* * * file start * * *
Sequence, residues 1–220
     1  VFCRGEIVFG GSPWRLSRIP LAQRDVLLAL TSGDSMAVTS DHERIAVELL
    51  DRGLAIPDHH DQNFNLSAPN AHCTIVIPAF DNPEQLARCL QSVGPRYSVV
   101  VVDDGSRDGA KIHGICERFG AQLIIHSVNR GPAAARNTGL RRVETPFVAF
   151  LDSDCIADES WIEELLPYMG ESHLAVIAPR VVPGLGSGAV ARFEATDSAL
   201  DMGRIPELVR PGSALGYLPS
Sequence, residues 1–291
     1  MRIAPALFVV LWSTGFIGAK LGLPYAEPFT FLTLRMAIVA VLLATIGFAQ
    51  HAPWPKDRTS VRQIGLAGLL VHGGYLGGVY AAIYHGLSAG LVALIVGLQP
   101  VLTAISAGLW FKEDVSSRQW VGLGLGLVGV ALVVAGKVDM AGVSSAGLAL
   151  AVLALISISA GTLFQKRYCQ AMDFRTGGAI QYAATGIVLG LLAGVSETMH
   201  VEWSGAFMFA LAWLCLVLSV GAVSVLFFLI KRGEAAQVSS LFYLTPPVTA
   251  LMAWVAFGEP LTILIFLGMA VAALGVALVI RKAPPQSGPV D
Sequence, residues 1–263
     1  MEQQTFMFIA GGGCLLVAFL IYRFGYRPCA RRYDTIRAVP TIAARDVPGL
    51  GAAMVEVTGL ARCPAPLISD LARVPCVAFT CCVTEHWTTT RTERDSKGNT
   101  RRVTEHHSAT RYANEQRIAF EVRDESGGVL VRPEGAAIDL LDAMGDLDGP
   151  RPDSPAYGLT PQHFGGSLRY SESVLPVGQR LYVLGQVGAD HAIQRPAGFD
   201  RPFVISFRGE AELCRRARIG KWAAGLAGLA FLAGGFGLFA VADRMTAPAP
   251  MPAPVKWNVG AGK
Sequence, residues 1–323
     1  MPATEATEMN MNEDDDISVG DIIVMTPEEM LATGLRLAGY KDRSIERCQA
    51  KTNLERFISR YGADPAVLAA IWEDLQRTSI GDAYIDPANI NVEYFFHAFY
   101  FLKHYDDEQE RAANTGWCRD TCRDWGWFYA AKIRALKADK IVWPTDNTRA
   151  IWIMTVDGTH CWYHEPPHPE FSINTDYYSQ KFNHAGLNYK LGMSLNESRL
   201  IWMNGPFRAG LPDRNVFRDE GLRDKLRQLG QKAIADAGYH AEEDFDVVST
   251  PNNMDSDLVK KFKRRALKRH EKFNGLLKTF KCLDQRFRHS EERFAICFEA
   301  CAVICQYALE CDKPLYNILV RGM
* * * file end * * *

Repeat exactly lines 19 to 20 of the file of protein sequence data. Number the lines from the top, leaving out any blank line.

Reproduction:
   201  RPFVISFRGE AELCRRARIG KWAAGLAGLA FLAGGFGLFA VADRMTAPAP
   251  MPAPVKWNVG AGK